BarCharts quickstudy what you wont learn in college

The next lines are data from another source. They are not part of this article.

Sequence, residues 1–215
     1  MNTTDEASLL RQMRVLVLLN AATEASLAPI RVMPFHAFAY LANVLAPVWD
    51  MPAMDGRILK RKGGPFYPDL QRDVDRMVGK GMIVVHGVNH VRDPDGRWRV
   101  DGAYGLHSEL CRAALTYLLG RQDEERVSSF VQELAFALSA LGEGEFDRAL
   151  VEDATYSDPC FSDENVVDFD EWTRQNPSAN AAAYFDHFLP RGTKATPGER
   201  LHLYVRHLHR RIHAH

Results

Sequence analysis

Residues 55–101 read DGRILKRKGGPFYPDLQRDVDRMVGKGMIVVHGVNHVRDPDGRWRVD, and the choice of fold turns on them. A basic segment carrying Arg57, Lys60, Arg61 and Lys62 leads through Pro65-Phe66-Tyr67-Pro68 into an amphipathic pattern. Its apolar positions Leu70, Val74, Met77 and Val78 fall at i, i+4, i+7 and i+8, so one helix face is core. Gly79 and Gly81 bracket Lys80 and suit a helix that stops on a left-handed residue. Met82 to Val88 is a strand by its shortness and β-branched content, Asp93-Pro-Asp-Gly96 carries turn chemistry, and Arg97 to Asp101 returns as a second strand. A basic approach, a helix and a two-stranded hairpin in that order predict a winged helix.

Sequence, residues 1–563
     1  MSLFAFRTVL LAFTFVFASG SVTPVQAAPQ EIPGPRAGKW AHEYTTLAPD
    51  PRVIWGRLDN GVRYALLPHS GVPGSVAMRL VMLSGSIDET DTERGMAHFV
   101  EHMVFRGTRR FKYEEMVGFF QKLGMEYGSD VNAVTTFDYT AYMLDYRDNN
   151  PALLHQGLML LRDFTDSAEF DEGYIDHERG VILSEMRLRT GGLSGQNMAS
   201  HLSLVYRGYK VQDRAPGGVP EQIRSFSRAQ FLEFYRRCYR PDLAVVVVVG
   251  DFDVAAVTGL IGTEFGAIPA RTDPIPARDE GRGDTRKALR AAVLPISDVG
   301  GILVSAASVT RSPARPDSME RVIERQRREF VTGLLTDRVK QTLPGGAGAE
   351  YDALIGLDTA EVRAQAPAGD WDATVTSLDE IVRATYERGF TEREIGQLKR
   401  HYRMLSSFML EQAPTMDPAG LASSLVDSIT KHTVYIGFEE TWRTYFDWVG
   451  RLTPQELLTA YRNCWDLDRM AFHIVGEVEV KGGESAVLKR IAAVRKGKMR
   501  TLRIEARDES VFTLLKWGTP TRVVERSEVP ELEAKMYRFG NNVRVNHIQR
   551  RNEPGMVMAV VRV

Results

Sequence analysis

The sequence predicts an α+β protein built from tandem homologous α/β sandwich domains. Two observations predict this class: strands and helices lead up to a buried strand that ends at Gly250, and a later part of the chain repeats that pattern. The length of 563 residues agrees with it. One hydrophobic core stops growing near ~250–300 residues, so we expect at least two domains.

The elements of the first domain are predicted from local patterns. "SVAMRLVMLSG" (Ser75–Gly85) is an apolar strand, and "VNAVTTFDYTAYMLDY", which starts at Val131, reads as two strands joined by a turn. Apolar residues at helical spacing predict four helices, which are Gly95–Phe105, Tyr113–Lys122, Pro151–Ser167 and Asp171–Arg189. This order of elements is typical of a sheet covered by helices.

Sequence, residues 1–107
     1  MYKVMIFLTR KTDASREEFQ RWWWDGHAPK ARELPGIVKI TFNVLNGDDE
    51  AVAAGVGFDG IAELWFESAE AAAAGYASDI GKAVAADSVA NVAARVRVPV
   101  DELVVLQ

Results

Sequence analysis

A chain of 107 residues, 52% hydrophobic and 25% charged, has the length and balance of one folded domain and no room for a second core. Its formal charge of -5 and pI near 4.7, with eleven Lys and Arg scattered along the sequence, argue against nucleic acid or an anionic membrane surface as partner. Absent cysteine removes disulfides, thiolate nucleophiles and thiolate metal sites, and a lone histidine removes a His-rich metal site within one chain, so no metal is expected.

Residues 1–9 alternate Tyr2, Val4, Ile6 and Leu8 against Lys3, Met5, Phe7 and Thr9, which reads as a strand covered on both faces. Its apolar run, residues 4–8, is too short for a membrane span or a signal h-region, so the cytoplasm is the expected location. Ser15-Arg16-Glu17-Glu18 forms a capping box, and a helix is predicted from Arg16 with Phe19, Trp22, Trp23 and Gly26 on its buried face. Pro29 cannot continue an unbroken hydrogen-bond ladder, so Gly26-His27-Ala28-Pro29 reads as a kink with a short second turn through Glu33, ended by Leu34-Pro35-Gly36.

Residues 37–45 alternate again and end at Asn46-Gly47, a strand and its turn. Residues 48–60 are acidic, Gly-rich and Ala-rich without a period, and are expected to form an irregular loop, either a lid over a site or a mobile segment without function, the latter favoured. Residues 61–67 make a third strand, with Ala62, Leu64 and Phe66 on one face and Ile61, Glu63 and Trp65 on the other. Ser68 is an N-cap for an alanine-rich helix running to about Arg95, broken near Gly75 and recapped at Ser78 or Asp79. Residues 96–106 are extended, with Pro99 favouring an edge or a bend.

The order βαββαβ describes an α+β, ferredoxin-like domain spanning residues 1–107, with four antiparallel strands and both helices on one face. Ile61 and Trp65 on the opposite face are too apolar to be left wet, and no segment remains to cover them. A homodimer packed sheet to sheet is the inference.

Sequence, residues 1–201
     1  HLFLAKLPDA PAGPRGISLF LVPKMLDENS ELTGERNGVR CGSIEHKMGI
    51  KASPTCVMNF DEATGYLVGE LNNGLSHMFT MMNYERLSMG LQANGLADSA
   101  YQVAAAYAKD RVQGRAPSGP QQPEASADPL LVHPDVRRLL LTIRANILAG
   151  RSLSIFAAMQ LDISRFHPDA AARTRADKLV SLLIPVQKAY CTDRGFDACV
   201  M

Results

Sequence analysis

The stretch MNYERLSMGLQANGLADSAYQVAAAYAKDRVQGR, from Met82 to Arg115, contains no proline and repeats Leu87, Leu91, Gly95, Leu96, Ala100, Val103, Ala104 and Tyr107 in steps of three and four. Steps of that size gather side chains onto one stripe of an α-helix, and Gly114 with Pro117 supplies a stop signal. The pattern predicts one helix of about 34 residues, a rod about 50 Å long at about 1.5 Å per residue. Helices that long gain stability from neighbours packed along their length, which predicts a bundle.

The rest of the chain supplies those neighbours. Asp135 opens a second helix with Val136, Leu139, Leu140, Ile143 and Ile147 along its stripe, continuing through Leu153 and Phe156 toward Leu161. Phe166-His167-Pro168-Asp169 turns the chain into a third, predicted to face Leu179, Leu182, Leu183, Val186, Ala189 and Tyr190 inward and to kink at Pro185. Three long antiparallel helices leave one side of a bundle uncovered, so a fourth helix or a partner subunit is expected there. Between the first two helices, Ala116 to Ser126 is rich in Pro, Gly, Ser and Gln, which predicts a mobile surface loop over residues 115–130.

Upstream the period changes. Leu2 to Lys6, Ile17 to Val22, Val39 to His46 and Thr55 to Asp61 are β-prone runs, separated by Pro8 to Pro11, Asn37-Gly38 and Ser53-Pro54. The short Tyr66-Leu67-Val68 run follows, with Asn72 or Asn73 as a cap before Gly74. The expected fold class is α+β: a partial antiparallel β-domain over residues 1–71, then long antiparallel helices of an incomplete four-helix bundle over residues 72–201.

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BarCharts, Inc.® WORLD’S #1 QUICK REFERENCE GUIDE Credit 101 Getting Your First Apartment/House • Take a realistic look at your budget and what you can afford in terms of rent or a mortgage Keep in mind that most apartments/houses for rent require both first month’s rent and last month’s rent when you sign the lease • Look around in neighborhoods that are most comfortable to you and are the closest to meeting your specifications, such as having a younger population, safe conditions, and being close to work • If you decide to have a roommate, one of the best ways to find one is to ask your friends if they know of anyone who’s looking for a roommate In addition, make sure the roommate is compatible with youYou should always have at least three months worth of rent and living expenses in your savings account This protects you should any emergency arise, such as unemployment, illness, etc • Some places will require anything from $500 to an additional month’s rent in terms of a damage deposit; make sure you’re clear on what is considered damage versus day-to-day wear and tear You should also ask the same question regarding pet deposits, which are in place to pay for any damage or loss of revenue to the building owner due to animals on the property • Make sure you think about the potential cost of utilities, since most utility companies will require a deposit if you’ve never had an account with them before; also, if you’re setting up utilities for the first time in a new place, there’s usually a “hook up” fee or administration fee Shop around for places that include utility costs in the monthly rent • Go through each room and think about the things you need on a daily basis, and don’t leave anything out For instance, in the kitchen, make sure you include small appliances, pantry supplies, spices (these really add up), dishes, flatware, towels, soap, dish rack, food staples, pots and pans, containers, garbage can, etc • As an idea, throw yourself a “moving out” party where guests can bring just one item for your new home—it doesn’t have to be anything expensive, just something useful Make a list of things you need and send it with the invites • Eight out of 10 college students have and use credit cards • Pay your bills on time • Keep the number of credit cards you own to a minimum • Use your credit cards wisely • Check your credit reports annually; there may be information that needs to be corrected • You can request your credit report directly from the credit reporting agencies, or you can use an online service like • Look for discrepancies: Information from someone with the same name or a similar Social Security number may show up, or information can be incorrectly reported by your credit card company • The only way to improve your credit rating is by establishing a good track record • Bad credit? Stop using those cards and start paying them off • If you have a number of credit cards, close at least some of them as you pay them off Filling Out W-4 Forms • Use Form W-4 to figure the right amount of federal income tax to have withheld from your paycheck • Withholding allowance represents your total tax deductions divided by the personal exemption rate • The withholding allowance is related to, but not the same as, the number of dependents you can claim on your tax return • You may want to review your withholding every year, especially after finishing your tax return You can have more, or less, income tax withheld from your paycheck Budgeting Interviews • • • • • • • • • • • A budget lets you control your money, helps your entire family focus on common goals, helps you prepare for emergencies or large or unanticipated expenses that might otherwise knock you for a loop financially It can also improve your relationship by identifying and working towards common goals and reducing arguments about money • Evaluate your current spending and set goals that take into account your financial objectives; track your spending to make sure it stays within those guidelines In general, if you find yourself returning to the ATM more than once a week or so, you need to examine where that cash is going • If you use a personal-finance program such as Quicken or Microsoft Money, the built-in budgetmaking tools can create your budget for you • Once you determine which categories of spending can and should be cut (or expanded), concentrate on those categories and worry less about other aspects of your spending • Aim to spend no more than 90 percent of your income That way, you’ll have the other 10 percent left to save for your big-picture items • When projecting the amount of money you can live on, don’t include dollars that you can’t be sure you’ll receive, such as year-end bonuses, tax refunds, or investment gains • As your annual income climbs from raises, promotions and smart investing, don’t start spending for luxuries until you’re sure that you’re staying ahead of inflation It’s better to use those income increases as an excuse to save more Dress professionally Express yourself clearly with a strong voice and have good diction and grammar Look the interviewer in the eye (but don’t stare him or her down) Look for an opportunity to talk about your résumé Equip yourself with a strong knowledge of the company Have prepared questions about the employer and position Don’t show a lack of interest or enthusiasm Ask for a business card for your records Thank the person for taking the time to meet with you Don’t forget to send a thank-you as part of your interview follow-up Learning to Cook • Use cookbooks or find Web sites that feature basic recipes The easiest recipes are done with a crock pot • Take a cooking class or watch cooking shows on TV • To save money, look for stores and produce stands that sell high-quality ingredients at inexpensive prices • Make sure you have the necessary ingredients and tools (silverware, measuring cups, pots and pans) before you begin cooking • While you cook, experiment with different spices and techniques to see which appeal to you best • As your cooking skills improve, use a new recipe once or twice a week Buying or Leasing a Car Maintaining Your Vehicle • Leasing allows consumers to always have a new or late-model car in the driveway A benefit of driving a late-model car is fewer repair bills • Leases are attractive to many car buyers because they can get more out of a car for a lower monthly payment • Lessees only pay for the depreciation on the car, not the entire vehicle; they’re renting the car for the length of the lease When you buy, you pay for the entire cost of a vehicle, regardless of how many miles you drive it • If you use your car for your job, leasing payments can be written off as a business expense on your tax returns • You are able to avoid negative equity with leasing In addition, you have the option of not making a down payment, you pay sales tax only on your monthly payments (in most states), and you pay a financial rate, called money factor, that is similar to the interest rate on a loan • With leasing, though, you may be required to pay special lease-related fees and possibly a security deposit that you don’t pay when you buy Also, unlike buying, leased cars are limited to a certain mileage determined by the number of years in the lease; if the mileage is exceeded, the lessee will have to pay extra when the lease is over • Unlike purchased cars, leased cars can’t be customized • Although you’ll own nothing at the end of a lease and have nothing “to show” for the money you’ve put into it, what you don’t own is the same part of the car’s original value — the depreciated part — that a buyer doesn’t own at the end of his loan either A car’s value depreciates the same amount whether it is leased or purchased • With leasing, you may have the option of putting your monthly payment savings into more necessary areas—such as investing in mutual funds, paying the mortgage or buying groceries • Keeping your car in top running condition saves money • Keeping tires properly inflated can increase gas mileage • A well-maintained car releases a fraction of what a poorly maintained or malfunctioning car emits And, because vehicles on the road account for more than 25 percent of all air pollution nationwide, a little maintenance could go a long way to cleaner air • Wash your car regularly—at least once a month Things like bugs, bird droppings, or limestone dripping can damage the paint, leaving permanent stains if not washed off in time • At least once in a while, use a pressure wash—it removes the dirt from difficult-toreach areas (do this at a coin car wash station) • Wash off all the places where the dirt and salt could be accumulated; for example, behind moldings, inside wheel arches, under the bumpers, etc • Wax your car regularly Wax helps to protect the paint, minimizing harm of chemicals and protecting the paint from fading; plus, the car looks shiny • When the car is clean, all the moisture dries up quickly, but when it’s dirty, the moisture accumulates in dirty areas, causing corrosion • If you live in an area with high humidity, or where the salt use is common in winter months, undercoating and rust-proofing your car can be very helpful • Fix any small problem right away before it causes serious damage • Check the engine oil regularly—at least once a month or even more frequently if you accumulate a lot of mileage • Try to avoid overheating your engine as that can cause serious damage • If you discover a coolant leak, have it fixed as soon as possible—it may cause engine overheating • Most batteries nowadays are maintenance-free All you check is battery terminals that shouldn’t be loose or corroded Opening an Individual Retirement Account (IRA) Buying Car Insurance • Decide which type of IRA is best for you—a Roth (which helps you save on taxes in retirement) or traditional IRA (which helps you save on taxes currently) • Start a discount brokerage account to house your long-term retirement savings Make sure your broker will place the bulk of your contribution toward retirement, not to trading commissions • Officially open the account by downloading the application forms, signing them and mailing them to the broker along with a check to fund your account Contribution limits to IRAs are $4,000.00, but the catch-up contribution limit for those ages 50 or older is $1,000 • Collision insurance pays for damage to your own vehicle resulting from a collision • Comprehensive coverage pays for property damage to your vehicle resulting from anything other than a collision, such as theft, a break-in or malicious mischief • Uninsured or underinsured motorist (UM) coverage pays for your injuries if you are struck by a hit-and-run driver or by someone who doesn’t have adequate insurance—either because they have no coverage or because they don’t have enough coverage to pay for your injuries This type of coverage is limited to bodily injury and does not cover property damage to your vehicle • Under no-fault coverage insurance, each person’s own insurance company pays for his or her medical bills and lost wages—up to a certain dollar amount—regardless of who was at fault The advantage of no-fault insurance is prompt payment of medical bills and lost wages; however, it doesn’t cover pain and suffering, emotional distress, inconvenience or lost opportunities • Shop around for insurance Just because your current company once offered you the best deal doesn’t mean it’s still competitive • Increase your deductibles For instance, if you agree to pay the first $500 or $1,000 of damage to your car, your collision insurance will cost less but still cover you for a serious accident • Reduce your collision or comprehensive coverage on older cars One rule of thumb is to drop this coverage once the car is worth less than $2,500 • Find out what discounts are available from your company (or another company) • Find out which vehicles cost more to insure • If you’re looking to buy a new (or used) car, call your insurance agent and find out which cars are expensive to repair, targeted by thieves or involved in a higher rate of accidents These vehicles all have higher insurance rates • Most of the time, you will pay less if all owners or drivers who live in the same household are on one policy or at least are insured with the same company • You may be able to get a discount if you have both automobile and homeowner’s or renter’s insurance from the same company Finding Health Insurance • Think about which type of health insurance best suits you—whether you’re working, self-employed, not working or in college • Find an insurance company that provides the best health insurance coverage for your needs Try to find out more about the financial strengths of each company and compare key coverage areas • Have a list of questions ready for your provider For example, ask the company representative what’s excluded on the health insurance plan and the choice of health care providers and/or doctors • Use a health insurance agent They can help you quickly hone in on what’s best for you, and because health insurance agents are independent from insurance providers, they won’t have a hidden agenda of getting you to choose a particular plan • It is always best to review your health insurance plan with your employer health insurance representative or the agent who helped you obtain the health insurance plan, or thoroughly go over it yourself • Keep a personal medical log When filing a health insurance claim, if you need to challenge your insurance company’s decisions because a claim was denied, it’s important to have a handy record of all procedures performed Get the Answers You Need Get the Skills You Need Do a Computer - Based Training ... leasing, you may have the option of putting your monthly payment savings into more necessary areas—such as investing in mutual funds, paying the mortgage or buying groceries • Keeping your car in. .. the same company Finding Health Insurance • Think about which type of health insurance best suits you whether you re working, self-employed, not working or in college • Find an insurance company... example, behind moldings, inside wheel arches, under the bumpers, etc • Wax your car regularly Wax helps to protect the paint, minimizing harm of chemicals and protecting the paint from fading; 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